Neutrophils and some dendritic cell lineages can express CD11b. FACS analysis of uterus and ovary tissue from DT-treated Cd11b-Dtr mice showed that in addition to macrophage loss, there was a decline in CD11c+ dendritic cells and RB6+ neutrophils, although these leukocytes comprise smaller populations and their depletion was less extensive than for F4/80+ macrophages (Supplemental Table 1). To investigate the leukocyte lineage responsible for infertility, DT-resistant wild-type bone marrow–derived monocyte/macrophages (F4/80+CD11b+ cells, Supplemental Figure 2) were administered i.v. to Cd11b-Dtr mice on both day 0.5 pc and day 3.5 pc, prior to DT injection on day 3.5 pc. After macrophage replacement, implantation sites were evident in 64% (7/11) Cd11b-Dtr mice at day 7.5 pc (Figure 2, B and E). This demonstrates that the infertility caused by depletion of CD11b+ cells can be attributed to macrophage deficiency.
Infertility after macrophage depletion results from embryo implantation failure. To determine whether macrophage depletion causes loss of implantation sites due to altered embryo development, wild-type and Cd11b-Dtr mice were given DT on day 2.5 pc, and embryos were flushed from the uterus on the morning of day 3.5 pc. There was no difference in the number or proportion of normally developed embryos recovered on day 3.5 pc, with 73% of embryos at the morula or blastocyst stage in Cd11b-Dtr mice compared with 78% in wild-type mice (Figure 3, A and B). This demonstrates that pregnancy failure in Cd11b-Dtr mice is not due to adverse effects on embryo development to the implantation-competent, blastocyst stage.
Implantation failure in macrophage-depleted Cd11b-Dtr mice is not due to adverse effects on pre-implantation embryo development.
(A) Embryos flushed on the morning of day 3.5 pc from macrophage-depleted Cd11b-Dtr mice, 24 hours following i.p. injection of DT (25 ng/g), were generally developed to blastocyst stage and often hatched from the zona pellucida, comparable to those flushed from wild-type mice treated with DT. (B) A comparable proportion of embryos flushed from the uterus on day 3.5 pc were developed to morula or blastocyst stage in wild-type or Cd11b-Dtr mice administered DT on day 2.5 pc. (C) Embryos that were flushed from the oviduct on day 0.5 pc (1-cell embryos) of gonadatropin-primed Cd11b-Dtr mice and cultured in the presence of DT (25 ng/ml) for 48 hours, and then without DT for a further 48 hours, developed to blastocyst stage at the same rate as embryos cultured without DT. (D) Embryos flushed from the uterus on day 2.5 pc (8-cell embryos) and cultured with DT (25 ng/ml) for 72 hours developed to blastocyst stage at the same rate as embryos cultured without DT. (B–D) The number of embryos in each group is shown in parentheses. Data are mean ± SEM.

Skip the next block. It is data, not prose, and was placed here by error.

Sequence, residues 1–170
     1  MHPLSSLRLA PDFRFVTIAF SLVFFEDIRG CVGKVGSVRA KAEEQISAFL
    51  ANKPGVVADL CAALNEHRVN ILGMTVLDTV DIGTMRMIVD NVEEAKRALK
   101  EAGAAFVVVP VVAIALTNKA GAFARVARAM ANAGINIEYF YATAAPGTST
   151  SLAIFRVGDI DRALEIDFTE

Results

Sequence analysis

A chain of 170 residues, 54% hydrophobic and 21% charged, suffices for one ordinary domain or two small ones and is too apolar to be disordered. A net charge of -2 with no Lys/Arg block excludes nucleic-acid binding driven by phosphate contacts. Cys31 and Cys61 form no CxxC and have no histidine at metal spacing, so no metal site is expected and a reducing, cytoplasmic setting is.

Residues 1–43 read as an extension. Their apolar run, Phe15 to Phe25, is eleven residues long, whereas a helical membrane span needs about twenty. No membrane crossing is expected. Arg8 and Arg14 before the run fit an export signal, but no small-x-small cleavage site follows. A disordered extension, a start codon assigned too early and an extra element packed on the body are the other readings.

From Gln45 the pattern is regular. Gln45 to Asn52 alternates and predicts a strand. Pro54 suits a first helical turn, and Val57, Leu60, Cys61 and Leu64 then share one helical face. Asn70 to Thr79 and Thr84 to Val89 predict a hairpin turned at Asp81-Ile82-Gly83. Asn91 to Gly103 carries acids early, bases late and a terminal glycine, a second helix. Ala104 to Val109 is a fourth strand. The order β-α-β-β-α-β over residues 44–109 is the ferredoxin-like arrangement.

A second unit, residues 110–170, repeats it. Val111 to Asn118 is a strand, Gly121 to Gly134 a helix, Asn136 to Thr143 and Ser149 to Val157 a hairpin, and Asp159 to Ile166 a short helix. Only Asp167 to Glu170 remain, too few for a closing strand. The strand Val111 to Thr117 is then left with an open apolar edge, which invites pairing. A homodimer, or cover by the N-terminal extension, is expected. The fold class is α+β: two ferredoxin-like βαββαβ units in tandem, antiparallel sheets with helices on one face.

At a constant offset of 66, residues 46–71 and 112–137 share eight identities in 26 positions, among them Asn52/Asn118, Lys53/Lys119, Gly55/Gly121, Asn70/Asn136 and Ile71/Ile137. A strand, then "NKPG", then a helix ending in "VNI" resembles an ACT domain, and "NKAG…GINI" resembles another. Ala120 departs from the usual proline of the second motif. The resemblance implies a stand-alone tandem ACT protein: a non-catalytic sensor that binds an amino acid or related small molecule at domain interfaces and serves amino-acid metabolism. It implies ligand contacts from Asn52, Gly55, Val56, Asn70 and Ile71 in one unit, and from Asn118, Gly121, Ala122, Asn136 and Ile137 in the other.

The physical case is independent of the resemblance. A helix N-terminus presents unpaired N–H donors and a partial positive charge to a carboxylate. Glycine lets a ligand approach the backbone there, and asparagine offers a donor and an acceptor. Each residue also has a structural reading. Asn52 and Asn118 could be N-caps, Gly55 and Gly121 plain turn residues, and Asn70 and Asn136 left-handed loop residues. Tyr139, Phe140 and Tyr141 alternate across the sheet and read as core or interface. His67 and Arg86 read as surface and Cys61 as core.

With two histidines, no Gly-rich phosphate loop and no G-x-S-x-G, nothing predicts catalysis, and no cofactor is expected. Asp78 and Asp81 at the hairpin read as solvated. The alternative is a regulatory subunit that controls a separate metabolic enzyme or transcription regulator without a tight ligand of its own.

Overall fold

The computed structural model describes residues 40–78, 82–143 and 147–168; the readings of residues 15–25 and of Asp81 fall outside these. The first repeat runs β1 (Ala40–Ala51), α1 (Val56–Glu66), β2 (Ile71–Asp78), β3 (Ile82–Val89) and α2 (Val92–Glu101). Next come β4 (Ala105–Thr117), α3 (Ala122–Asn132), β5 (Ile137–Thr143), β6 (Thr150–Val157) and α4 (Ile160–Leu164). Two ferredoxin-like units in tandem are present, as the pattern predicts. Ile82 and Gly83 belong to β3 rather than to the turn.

To discount the possibility that DT exerts direct toxic effects on embryos from Cd11b-Dtr females, in vitro embryo culture experiments were conducted. Zygotes recovered on day 0.5 pc and cultured for 48 hours in the presence of DT (25 ng/ml) showed no significant reduction in their ability to develop to blastocyst stage, compared with zygotes cultured without DT (Figure 3C). Similarly, 8-cell embryos recovered on day 2.5 pc and cultured for 72 hours with DT showed no impairment in blastocyst formation (Figure 3D). These results demonstrate that exposure to DT has no direct adverse effect on embryo development.
Since embryo development appeared unaffected in Cd11b-Dtr mice, we sought to more precisely define the stage at which pregnancy arrests after peri-implantation macrophage depletion. Implantation sites were assessed in wild-type and Cd11b-Dtr mice following DT treatment on day 3.5 pc, using Trypan blue to visualize the increase in microvascular permeability associated with the decidual response to embryo implantation. On day 4.5 pc, 24 hours after DT administration, only 5 of 12 Cd11b-Dtr mice showed clearly delineated implantation sites compared with 20 of 25 wild-type mice (Figure 4, A and B). By day 5.5 pc, 48 hours following DT administration, none of 8 macrophage-depleted Cd11b-Dtr mice showed any evidence of implantation sites, while expanding vascular responses were generally seen in wild-type mice (Figures 4, A and B). Failure to exhibit the expected vascular changes was not due to any substantial disruption to the uterine vasculature in Cd11b-Dtr mice, as overtly normal blood vessels were detected in uterus on day 4.5 pc using the endothelial cell marker MTS-12 (Supplemental Figure 3).